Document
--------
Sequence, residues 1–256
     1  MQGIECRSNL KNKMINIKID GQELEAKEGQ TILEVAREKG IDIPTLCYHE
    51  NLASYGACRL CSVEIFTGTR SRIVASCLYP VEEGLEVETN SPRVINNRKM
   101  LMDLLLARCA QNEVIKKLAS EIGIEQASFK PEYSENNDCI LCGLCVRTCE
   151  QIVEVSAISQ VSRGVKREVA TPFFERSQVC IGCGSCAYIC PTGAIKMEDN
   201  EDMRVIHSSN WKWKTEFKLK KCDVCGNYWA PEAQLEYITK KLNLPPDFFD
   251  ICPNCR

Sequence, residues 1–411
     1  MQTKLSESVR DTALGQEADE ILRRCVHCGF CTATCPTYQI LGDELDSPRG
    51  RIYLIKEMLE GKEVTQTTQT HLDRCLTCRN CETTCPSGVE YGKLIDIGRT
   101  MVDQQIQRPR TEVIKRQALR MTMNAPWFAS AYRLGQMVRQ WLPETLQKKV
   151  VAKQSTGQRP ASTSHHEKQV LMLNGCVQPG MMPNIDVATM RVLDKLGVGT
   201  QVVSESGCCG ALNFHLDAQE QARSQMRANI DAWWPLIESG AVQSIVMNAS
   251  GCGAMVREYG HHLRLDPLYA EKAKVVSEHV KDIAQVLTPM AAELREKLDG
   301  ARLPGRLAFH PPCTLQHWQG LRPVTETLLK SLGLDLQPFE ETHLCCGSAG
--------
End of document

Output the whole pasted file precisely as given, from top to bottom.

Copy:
Sequence, residues 1–256
     1  MQGIECRSNL KNKMINIKID GQELEAKEGQ TILEVAREKG IDIPTLCYHE
    51  NLASYGACRL CSVEIFTGTR SRIVASCLYP VEEGLEVETN SPRVINNRKM
   101  LMDLLLARCA QNEVIKKLAS EIGIEQASFK PEYSENNDCI LCGLCVRTCE
   151  QIVEVSAISQ VSRGVKREVA TPFFERSQVC IGCGSCAYIC PTGAIKMEDN
   201  EDMRVIHSSN WKWKTEFKLK KCDVCGNYWA PEAQLEYITK KLNLPPDFFD
   251  ICPNCR

Sequence, residues 1–411
     1  MQTKLSESVR DTALGQEADE ILRRCVHCGF CTATCPTYQI LGDELDSPRG
    51  RIYLIKEMLE GKEVTQTTQT HLDRCLTCRN CETTCPSGVE YGKLIDIGRT
   101  MVDQQIQRPR TEVIKRQALR MTMNAPWFAS AYRLGQMVRQ WLPETLQKKV
   151  VAKQSTGQRP ASTSHHEKQV LMLNGCVQPG MMPNIDVATM RVLDKLGVGT
   201  QVVSESGCCG ALNFHLDAQE QARSQMRANI DAWWPLIESG AVQSIVMNAS
   251  GCGAMVREYG HHLRLDPLYA EKAKVVSEHV KDIAQVLTPM AAELREKLDG
   301  ARLPGRLAFH PPCTLQHWQG LRPVTETLLK SLGLDLQPFE ETHLCCGSAG